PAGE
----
Military Brattiness

I have very often mentioned my military readers over the years, including more recently those aboard ships at sea, thanks to their satellite mail connections. So I was a tad surprised to get this note in January, 2003:

Please, Sir, will you do a special issue for the men & women, my siblings, that are about to go to conventional war and those now serving in the war on terrorism? Many of them have ‘net access, even while deployed. I feel that something especially for them would be especially appreciated. I know from personal experience that every little bit of encouragement helps after you kiss the spouse good-bye and get ‘in country’. I’m sure that my wife (disabled Viet Nam era US Army veteran) and my Dad (WWII US Navy combat veteran) would agree. –Stan, Texas

I reminded Stan that I have often featured military units in the past, and “if I have any ‘reason’ to do so again (e.g., a letter from someone in the field), I’ll do so.” Sound good? Not to Stan it didn’t. He replied:

Perhaps when the jack-booted hordes invade your personal space you will understand that you owe a debt to those that interpose their personal being between you and those who think that the expression of free thought is a bad thing. I understand that you have the typical civilian’s appreciation for those that volunteer to protect your ungrateful buttocks. Had you a fiber of civility you would have responded appropriately. Good morrow to you. I shall not trouble your tiny mind further. It is my fervent desire that you rot in an hell appropriate to your lack of humane feelings.

I don’t consider Stan, who bragged that he was (take a deep breath) “TSgt, USAF (retired from active duty at 20 years and 13 days of service in the greatest Air Force in the world I am eligible for recall to active duty for the balance of 30 years service, until 1 March 2008. I don’t want any more campaign medals.)”, to be ANY way representative of our great military. Rather, he is one of those “bad apples” that spoil the image of our armed forces not only at home, but abroad. What a sad example he sets for our all-volunteer servicemen and -women. But rather than ragging at him, I decided to instead publish his letter, and let those many active and retired military readers respond. Respond they did!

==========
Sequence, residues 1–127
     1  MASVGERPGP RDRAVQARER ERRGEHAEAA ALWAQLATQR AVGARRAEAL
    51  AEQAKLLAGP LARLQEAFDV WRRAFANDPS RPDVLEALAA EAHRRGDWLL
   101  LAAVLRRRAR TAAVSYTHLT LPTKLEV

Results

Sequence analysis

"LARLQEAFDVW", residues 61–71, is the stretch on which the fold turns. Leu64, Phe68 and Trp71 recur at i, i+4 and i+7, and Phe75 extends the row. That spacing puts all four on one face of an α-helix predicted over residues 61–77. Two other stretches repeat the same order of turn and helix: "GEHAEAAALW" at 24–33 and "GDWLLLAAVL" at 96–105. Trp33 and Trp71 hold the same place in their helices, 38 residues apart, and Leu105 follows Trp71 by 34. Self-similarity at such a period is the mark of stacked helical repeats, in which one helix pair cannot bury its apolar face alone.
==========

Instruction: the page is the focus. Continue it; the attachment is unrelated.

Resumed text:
I’m retired military — 22 years, 2 months and 22 days active duty in the US Army. I served in Vietnam, and came under enemy fire there. My dad served on the USS Alabama during WWII. My ex-spouse (who remains my best friend) is a Vietnam-era veteran. My daughter and my son-in-law, as well as my current partner (who has two Bronze Stars), served in the Gulf War a decade ago. We all of us consider Stan to be a first-class jerk, and in our collective and several opinions, does great discredit to the US Air Force. I’d use stronger language, but This is True is a family publication. –Michelle, Arizona

Uh…only a TSgt (technical sergeant) after 20 years and 13 days? Hmmm… not very impressive. In fact, downright unimpressive. I’m surprised he got to stay in for the whole 20 years. He should have retired at least a master sergeant, if not a senior master sergeant. Most career enlisted Air Force folks strive for chief master sergeant prior to retirement, which takes a bit of doing, but to retire not even a master sergeant is mighty odd. It takes real doing. But, judging from the way the fellow writes, I can see why. –Dave (Former Capt, USAF), Colorado

I retired the USAF as a Chief (E9) a few years ago. I’d like to let you know that Stan does not represent the past or present Air Force in any way. He’s a small minded man who had a small career. The reason he retired at 20 years and 13 days is because he couldn’t get promoted more than twice in about 16 years and reached his high year of tenure and had to retire. You make it to E4 (Sgt) in about 4 years if you just manage to keep breathing and stay out of trouble, it’s guaranteed. Stan made it all the way to TSgt (E6) in the next 16 years — two promotions. Most of us get to at least MSgt (E7) long before ever becoming eligible to retire. Undoubtly Stan will respond to this with a long litenany of reasons why he didn’t advance further — rotten bosses, low promotion opportunity, wasn’t an ass-kisser, etc. What he won’t do is look in the mirror and see who held him back. Please keep writing the column and know that the vast majority of your military readership supports you. –Paul, Arizona